Most of the action in “The Survivor” takes place in Jewel’s inner consciousness, and Bambara provides most of the exposition using flashbacks. Other stories in Gorilla, My Love – most notably, “My Man Bovanne” – also rely on flashbacks to reveal information about the characters. However, “The Survivor” is unique in that the majority of what we know about this story comes from Jewel’s recollections of past events. Bambara’s preoccupation with memory, and her use of structural experimentation, suggests that she may be influenced by Modernist writers such as Marcel Proust and William Faulkner.
This fragmented narrative adds a significant air of ambiguity to the story. It is worth collecting the story details in one place: Jewel is a film actress who had an affair with and later married her director, Paul. Paul was abusive, but she stayed with him, and became pregnant with his child. They had a period of separation, during which time Jewel was not in communication with her family for a while. At some point during this period, it is possible that she and Paul were in a car that crashed, and Paul died in that crash. It is arguable that Jewel mixes reality and fantasy in her memory - it would be in line with her career as an actress, after all. What this reading means is that whether the car crash happened or not is less relevant than what it means - she is a survivor of a bloody and brutal accident of a relationship, and must now learn to survive alone.
Throughout this story, Bambara uses imagery and setting to establish mood. Her detailed descriptions of the cold rain in the beginning of the story reflect Jewel’s troubled emotional state and her feelings of isolation. The weather descriptions also add an air of menace to the story’s atmosphere, because Jewel is in a weakened physical state due to her pregnancy. Bambara’s descriptions of the punishing cold lend a very real sense of danger to Jewel’s situation, which is consistent with the emotional and physical violence she experienced at Paul's hands.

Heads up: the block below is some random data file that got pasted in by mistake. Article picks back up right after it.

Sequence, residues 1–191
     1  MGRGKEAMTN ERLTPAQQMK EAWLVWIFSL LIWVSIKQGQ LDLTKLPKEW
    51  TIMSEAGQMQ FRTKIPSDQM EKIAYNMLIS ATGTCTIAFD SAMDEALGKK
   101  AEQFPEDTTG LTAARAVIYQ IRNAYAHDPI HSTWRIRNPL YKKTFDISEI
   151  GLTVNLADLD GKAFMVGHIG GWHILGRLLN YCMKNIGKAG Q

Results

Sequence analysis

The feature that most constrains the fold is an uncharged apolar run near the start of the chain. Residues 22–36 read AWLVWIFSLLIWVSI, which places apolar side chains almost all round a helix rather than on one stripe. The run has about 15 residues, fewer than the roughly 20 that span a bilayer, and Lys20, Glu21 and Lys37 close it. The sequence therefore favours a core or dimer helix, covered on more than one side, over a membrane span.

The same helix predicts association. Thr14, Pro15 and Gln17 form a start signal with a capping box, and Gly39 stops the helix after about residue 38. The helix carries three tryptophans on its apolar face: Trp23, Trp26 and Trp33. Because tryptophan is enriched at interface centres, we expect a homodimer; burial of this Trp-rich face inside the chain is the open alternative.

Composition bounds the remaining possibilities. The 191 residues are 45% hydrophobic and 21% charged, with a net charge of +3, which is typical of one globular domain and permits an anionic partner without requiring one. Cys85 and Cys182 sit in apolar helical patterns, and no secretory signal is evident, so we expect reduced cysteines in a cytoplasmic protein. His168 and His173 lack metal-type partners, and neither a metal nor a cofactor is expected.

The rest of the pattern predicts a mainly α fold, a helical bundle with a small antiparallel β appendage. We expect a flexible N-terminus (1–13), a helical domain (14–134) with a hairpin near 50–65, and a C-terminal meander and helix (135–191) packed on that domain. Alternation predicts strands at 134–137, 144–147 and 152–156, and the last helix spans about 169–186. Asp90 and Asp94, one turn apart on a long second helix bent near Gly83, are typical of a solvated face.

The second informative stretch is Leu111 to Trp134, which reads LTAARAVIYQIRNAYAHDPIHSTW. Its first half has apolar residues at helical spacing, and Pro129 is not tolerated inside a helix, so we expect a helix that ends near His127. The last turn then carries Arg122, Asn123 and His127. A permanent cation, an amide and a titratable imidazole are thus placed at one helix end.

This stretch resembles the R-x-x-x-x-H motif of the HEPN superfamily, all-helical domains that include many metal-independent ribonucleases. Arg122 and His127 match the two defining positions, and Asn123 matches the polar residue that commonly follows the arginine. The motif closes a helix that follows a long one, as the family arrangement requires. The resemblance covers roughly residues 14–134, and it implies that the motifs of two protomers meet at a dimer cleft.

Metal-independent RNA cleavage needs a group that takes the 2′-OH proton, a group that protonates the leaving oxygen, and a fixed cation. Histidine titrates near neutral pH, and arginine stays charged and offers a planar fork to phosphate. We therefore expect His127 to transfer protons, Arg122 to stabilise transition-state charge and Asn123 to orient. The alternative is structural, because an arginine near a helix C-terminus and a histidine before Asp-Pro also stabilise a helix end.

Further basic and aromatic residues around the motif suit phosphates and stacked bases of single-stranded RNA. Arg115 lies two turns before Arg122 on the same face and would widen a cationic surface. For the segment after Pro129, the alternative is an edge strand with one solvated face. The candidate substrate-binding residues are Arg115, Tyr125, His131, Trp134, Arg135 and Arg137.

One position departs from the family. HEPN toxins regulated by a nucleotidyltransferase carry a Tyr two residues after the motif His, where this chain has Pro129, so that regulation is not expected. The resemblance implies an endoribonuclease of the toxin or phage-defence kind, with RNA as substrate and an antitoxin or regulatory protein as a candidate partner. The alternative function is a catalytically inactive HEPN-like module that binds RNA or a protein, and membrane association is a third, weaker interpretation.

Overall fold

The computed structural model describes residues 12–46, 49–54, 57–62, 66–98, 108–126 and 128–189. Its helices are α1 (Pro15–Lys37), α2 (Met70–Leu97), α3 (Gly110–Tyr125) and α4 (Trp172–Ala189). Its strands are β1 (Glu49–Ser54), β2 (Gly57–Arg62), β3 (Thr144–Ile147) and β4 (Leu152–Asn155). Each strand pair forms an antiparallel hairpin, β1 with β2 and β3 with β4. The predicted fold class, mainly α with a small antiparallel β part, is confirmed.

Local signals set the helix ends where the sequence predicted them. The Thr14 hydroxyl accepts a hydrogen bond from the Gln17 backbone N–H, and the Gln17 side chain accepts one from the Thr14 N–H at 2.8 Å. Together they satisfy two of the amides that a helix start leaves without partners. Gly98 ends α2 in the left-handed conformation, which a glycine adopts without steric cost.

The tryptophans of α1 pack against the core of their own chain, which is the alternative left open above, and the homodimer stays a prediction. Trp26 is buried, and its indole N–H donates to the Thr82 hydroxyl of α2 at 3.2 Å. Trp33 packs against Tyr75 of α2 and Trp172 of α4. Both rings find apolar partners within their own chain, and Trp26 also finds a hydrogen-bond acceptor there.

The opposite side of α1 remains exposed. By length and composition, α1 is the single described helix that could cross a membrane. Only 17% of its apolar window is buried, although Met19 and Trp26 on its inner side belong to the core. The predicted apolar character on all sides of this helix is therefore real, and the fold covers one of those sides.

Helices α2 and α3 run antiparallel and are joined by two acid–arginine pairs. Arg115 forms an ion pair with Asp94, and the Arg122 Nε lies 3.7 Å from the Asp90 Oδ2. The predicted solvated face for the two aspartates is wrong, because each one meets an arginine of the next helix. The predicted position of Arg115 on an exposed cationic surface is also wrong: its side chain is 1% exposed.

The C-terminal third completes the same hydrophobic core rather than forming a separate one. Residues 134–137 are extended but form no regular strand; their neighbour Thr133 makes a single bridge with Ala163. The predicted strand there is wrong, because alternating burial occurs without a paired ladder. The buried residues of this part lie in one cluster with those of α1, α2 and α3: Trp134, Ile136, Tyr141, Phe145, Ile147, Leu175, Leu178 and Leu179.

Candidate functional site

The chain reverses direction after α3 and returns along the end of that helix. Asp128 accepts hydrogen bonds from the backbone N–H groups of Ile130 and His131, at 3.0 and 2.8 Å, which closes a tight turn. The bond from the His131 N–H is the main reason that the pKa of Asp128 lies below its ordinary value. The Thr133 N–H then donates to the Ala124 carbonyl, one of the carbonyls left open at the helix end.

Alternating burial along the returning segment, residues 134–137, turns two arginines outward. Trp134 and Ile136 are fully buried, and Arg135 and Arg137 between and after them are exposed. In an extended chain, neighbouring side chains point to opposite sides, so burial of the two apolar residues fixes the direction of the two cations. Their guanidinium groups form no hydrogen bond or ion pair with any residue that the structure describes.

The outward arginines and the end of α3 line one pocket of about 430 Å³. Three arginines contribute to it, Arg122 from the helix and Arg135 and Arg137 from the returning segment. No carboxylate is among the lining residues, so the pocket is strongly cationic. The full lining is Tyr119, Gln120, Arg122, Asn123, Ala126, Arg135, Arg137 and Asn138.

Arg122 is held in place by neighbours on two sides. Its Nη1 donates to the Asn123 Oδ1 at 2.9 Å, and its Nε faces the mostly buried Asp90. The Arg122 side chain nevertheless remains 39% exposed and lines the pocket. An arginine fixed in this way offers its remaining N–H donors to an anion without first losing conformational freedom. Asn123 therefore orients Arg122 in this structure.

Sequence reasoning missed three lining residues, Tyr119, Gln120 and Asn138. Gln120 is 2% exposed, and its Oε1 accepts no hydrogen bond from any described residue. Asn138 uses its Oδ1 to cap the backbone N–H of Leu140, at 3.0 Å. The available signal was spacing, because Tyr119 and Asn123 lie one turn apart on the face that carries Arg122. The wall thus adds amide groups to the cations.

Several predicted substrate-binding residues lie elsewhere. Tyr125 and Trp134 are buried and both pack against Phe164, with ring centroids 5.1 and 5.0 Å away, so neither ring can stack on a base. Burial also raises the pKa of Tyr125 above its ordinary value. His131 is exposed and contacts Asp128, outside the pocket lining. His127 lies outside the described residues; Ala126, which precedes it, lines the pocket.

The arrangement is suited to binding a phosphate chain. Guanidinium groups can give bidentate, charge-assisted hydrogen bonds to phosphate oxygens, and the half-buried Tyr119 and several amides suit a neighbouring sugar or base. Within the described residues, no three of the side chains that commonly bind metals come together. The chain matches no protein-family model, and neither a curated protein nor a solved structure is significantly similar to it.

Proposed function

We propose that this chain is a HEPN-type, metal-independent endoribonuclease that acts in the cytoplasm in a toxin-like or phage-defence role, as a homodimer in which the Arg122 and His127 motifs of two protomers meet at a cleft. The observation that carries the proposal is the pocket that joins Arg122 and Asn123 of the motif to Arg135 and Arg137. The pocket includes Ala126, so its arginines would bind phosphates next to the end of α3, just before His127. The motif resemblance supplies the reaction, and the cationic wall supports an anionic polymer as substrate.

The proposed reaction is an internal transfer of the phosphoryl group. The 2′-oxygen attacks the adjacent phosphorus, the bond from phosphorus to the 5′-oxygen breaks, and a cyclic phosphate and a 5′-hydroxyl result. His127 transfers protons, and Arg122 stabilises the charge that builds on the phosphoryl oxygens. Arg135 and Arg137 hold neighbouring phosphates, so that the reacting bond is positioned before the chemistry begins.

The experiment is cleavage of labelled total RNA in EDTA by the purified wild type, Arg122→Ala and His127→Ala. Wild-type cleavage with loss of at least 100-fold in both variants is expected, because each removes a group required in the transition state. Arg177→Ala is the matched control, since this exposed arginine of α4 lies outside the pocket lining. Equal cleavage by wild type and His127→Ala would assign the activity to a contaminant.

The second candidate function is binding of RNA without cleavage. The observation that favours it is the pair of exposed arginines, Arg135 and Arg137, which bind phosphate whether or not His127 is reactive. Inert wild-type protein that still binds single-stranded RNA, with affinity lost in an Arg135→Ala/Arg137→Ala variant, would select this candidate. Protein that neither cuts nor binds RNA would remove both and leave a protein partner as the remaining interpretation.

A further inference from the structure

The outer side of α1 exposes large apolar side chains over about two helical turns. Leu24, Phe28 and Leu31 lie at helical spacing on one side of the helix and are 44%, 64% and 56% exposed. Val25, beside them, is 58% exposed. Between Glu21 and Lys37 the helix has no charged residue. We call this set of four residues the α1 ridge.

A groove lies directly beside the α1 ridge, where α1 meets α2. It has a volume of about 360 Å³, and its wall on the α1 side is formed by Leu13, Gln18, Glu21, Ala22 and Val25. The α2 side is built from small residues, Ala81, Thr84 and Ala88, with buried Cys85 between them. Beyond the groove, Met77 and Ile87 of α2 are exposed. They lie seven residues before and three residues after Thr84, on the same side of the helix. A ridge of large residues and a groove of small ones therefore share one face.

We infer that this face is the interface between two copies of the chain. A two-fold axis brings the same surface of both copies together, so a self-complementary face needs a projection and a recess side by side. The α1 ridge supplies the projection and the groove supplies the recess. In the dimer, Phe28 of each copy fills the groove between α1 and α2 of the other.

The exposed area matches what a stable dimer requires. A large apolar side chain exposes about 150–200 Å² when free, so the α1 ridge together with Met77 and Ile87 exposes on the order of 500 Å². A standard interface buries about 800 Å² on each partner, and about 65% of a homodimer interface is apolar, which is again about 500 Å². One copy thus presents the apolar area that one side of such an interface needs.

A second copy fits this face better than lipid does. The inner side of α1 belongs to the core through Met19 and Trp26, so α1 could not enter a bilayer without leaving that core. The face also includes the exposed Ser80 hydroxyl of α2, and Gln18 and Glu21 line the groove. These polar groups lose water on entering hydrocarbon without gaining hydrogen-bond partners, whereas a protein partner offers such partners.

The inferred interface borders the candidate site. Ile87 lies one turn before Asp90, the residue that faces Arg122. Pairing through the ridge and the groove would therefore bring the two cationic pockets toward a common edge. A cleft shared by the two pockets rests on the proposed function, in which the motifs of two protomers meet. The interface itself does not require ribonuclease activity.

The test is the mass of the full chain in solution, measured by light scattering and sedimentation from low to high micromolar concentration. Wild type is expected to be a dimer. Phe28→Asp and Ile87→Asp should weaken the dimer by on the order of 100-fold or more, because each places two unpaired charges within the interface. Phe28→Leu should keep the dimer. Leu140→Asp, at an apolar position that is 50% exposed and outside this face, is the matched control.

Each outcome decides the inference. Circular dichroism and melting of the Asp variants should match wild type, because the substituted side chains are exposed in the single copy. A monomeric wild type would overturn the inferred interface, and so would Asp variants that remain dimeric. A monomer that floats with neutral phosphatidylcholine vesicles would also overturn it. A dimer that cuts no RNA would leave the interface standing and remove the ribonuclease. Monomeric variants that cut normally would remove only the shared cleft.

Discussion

In “The Survivor,” Bambara depicts pregnancy as a visceral and harrowing experience. Pregnancy in the 1970s was much safer than it was in previous decades. However, Bambara increases the suspense surrounding Jewel’s experience of childbirth by including several false alarms in which it seems like Jewel will miscarry or have the baby far from a hospital. These occur when she is standing in the cold waiting for Miss Candy to pick her up, and when she remembers the time she slipped while talking to Cathy. (At that point in the story, it has not yet been revealed that her conversation with Cathy about the stew is a flashback.)
The secondary characters in “The Survivor” reinforce the story’s emphasis on the difficulties of being a woman, and the ways that family and friends can help women overcome these obstacles. Like Jewel, Grandmother Candy has faced turbulence and abuse in her relationships with men – she has been married and divorced twice. Yet despite these problems early in life, Miss Candy has grown into an independent, nurturing figure. She functions as a model for the strong, altruistic woman that Jewel might become after she works through her own issues. Although Jewel dislikes her young niece, Cathy also demonstrates independence and a fierce devotion to her family. Even though “The Survivor” portrays a marriage gone wrong, it also demonstrates the way that a supportive family can help a person survive trying times. In this sense, the story’s message is similar to the messages of female friendship that appear in “The Johnson Girls” and “Raymond’s Run.”